Typically, the rash of lichen sclerosus begins as white polygonal papules, which flock to plaques. Typically, candlesticks and/or clearly cracked plugs appear on the surface of the plate, and they are similar to attached nozzles. Over time, plugs and craters may disappear by dropping a smooth, often porcelain plaque, and they rarely show up. Thus, the skin appears white and thin, although it may be present in SCH [26, 27, 28, 29, 30, 31, 32]. Originally, lichen sclerosus may have a bubbling consistency and is characterized by edema of the prepuce clitoris and telangiectasia of labia and purpura. Stretch marks appear mainly in the middle perineal line. Bullous lichen sclerosus is often accompanied by bleeding within the lesion, and the fillet can disappear. Later, labia minora and structures around clitoris disappeared too. The epithelium of the vagina and the cervix is not affected. However, there may be lesions in the forehead of the skin, which will lead to its constriction. Perianal lesions are described in 30% of cases [26, 27, 28, 29, 30, 31, 32].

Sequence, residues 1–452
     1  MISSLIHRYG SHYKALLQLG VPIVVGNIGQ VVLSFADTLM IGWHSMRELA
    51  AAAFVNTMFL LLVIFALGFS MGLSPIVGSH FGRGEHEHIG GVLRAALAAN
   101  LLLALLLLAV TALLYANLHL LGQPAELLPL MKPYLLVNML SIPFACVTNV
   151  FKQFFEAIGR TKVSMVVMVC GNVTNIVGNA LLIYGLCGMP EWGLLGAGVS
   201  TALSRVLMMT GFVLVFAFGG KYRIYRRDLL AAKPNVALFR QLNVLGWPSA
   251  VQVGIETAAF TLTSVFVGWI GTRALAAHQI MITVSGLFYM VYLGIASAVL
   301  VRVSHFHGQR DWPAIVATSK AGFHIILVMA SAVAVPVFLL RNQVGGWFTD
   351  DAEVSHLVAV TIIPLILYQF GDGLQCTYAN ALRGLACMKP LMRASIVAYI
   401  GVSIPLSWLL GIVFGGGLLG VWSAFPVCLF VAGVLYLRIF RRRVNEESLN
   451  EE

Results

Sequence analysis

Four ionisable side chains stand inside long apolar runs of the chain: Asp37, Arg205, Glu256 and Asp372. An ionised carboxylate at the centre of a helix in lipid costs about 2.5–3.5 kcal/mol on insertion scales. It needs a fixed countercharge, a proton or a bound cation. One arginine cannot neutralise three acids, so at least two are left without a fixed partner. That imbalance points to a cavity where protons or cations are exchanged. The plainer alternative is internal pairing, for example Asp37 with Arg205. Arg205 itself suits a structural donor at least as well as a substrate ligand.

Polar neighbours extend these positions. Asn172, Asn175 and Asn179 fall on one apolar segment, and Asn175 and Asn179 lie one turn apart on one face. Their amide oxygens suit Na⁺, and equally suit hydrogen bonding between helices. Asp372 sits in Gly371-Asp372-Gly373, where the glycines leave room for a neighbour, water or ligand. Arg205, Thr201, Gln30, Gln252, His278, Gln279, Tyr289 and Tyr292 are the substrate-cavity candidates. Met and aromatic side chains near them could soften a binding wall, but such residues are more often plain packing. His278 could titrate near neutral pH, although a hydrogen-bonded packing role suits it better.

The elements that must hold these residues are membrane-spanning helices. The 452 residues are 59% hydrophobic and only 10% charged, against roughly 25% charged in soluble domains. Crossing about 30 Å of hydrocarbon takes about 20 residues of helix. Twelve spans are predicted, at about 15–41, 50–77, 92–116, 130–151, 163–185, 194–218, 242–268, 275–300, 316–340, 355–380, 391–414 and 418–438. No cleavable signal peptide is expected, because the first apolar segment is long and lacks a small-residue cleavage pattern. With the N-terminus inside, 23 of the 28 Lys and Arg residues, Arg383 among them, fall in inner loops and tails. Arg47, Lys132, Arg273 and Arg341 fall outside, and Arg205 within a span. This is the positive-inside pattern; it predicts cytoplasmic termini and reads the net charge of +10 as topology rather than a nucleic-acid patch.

Lichen sclerosus is a benign vulva condition associated to chronic and often progressive character with dermatologic location. Among the clinical findings are included marked inflammation, epithelial thinning, distinct dermal alterations like pruritus, and pain by varying degrees. The described lesions appear most frequently in the labia minora, but the early disease course affects not the vulvar architecture. During the disease progresses, the following pathological signs may be possible to occur: sexual dysfunction, fissuring in perineal region and around the clitoris, distinction between labia majora and minora, edema from inflammation, purpural lesions, and excoriations ecchymoses given fragility of the affected skin region [5, 33]. The main symptom is pruritus. Pain occurs if there are corrosions and stretch marks. Itching is intense during the night and may be so intense that it stops sleeping. Discomfort occurs when there is erosion, stretch marks, or narrowing of vaginal orifice [26, 27, 28, 29, 30, 31, 32]. Some women are asymptomatic, and LS is a random finding. Most of them had active childhood disease, which resulted in skin atrophy without symptomatology. Occasionally, hyperkeratosis and ecchymosis occur, which should be treated [26, 27, 28, 29, 30, 31, 32]. In childhood, the lesions are similar to adult lesions. But the ecchymosis may protrude and can be so intense that it leads us wrongly to the suspicion of sexual abuse. The diagnosis in most patients is indicated by the clinical picture, but its confirmation by histopathological examination is considered necessary. LS should be differentiated from lichen planus, vaginal pemphigoid, psoriasis, VIN, and SCC, and this is done by biopsy under colposcopic control. Ulcers, nodules, and granulomas should be controlled to exclude malignancy. The formation of hyperkeratotic plaques and erosions, which do not exist despite the applied treatment, suspects malignant transformation [26, 27, 28, 29, 30, 31, 32, 34].